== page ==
Conservatives Push Back RU-486

"The Covenant News, a Christian Internet News Service, has launched a public service ad campaign to reach women who have experienced pain and suffering because they took the abortion pill RU-486. Utilizing the talents of the nation's three top post-abortion counseling and referral organizations this public service ad campaign will help women find medical attention, emotional counseling, and Medical Malpractice Attorneys." -- Covenant News

Shortly after Rev. John Earl, pastor at St. Patrick's Church in Rochelle, Illinois, learned of the Food and Drug Administration's decision to approve the abortion pill RU-486, he decided to pay an up-close-and-personal visit to a nearby health clinic. Rev. Earl crashed his four-door Saturn into a garage behind the Northern Illinois Women's Health Clinic, got out and started hacking away at the building with a pickax. Only by firing several shotgun blasts, was the building's owner able to stop Rev. Earl, who was arrested and charged with burglary and felony criminal damage to property. He was later released on $10,000 bond. On the following day, a Sunday, more than 1,000 anti-abortion protesters rallied in Rockford in support of Rev. Earl.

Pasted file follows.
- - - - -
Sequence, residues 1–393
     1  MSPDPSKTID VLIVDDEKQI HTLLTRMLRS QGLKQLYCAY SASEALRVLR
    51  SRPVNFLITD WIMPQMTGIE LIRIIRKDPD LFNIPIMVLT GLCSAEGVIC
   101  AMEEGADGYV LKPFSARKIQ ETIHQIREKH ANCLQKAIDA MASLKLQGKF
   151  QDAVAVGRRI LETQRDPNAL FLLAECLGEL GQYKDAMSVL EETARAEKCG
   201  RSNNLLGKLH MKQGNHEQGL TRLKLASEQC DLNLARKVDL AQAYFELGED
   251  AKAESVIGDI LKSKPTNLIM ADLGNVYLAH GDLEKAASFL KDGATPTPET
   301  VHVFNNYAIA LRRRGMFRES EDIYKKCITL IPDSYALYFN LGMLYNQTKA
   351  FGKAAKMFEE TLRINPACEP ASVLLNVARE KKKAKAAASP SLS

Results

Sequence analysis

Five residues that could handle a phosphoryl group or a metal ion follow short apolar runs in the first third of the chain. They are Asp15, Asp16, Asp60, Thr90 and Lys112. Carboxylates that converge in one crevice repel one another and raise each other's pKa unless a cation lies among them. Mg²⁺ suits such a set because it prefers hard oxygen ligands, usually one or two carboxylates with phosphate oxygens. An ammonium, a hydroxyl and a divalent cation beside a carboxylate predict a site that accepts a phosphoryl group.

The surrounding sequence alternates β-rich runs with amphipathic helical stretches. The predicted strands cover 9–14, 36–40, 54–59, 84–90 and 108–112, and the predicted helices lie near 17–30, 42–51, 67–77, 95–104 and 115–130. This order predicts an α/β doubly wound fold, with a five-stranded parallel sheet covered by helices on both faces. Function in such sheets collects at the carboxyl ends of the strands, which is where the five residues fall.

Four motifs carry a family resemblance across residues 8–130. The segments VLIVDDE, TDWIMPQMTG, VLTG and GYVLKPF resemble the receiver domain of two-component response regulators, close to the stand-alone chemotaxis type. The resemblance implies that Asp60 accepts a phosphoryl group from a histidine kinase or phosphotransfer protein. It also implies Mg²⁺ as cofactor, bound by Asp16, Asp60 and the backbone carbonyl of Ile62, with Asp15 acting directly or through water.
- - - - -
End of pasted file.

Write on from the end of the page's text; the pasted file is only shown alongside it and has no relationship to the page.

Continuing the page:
If you think that the FDA's decision, which ended a bitter twelve-year battle over the pill, means that the abortion wars are over, think again! If Religious Right organizations and congressional anti-abortion stalwarts like Representative Tom Coburn, R-Okla., have their way, the use of RU-486 will continue to be contested.

On October 5, Rep. Coburn introduced the RU-486 Patient Health and Safety Protection Act that, according to an Associated Press report, would "pass into law many of the health and safety guidelines that the FDA had considered," but rejected. Immediately after the FDA's decision Rep. Coburn indicated his support for a national registry of prescribing physicians. Although he dropped the registry from his bill, he left the door open to revisiting this issue should George W. Bush win the presidency, saying that a national registry should be left to the discretion of the Department of Health and Human Services.

Such a registry - originally proposed by the FDA but withdrawn due to protests from doctors' groups - raised the specter of yet another wave of anti-abortion violence. It is also eerily reminiscent of the anti-abortion Nuremberg Files Project and the equally infamous Nuremberg Files website. These two operations, although on the fringe of the anti-abortion movement, helped create a climate during which anti-abortion violence increased dramatically.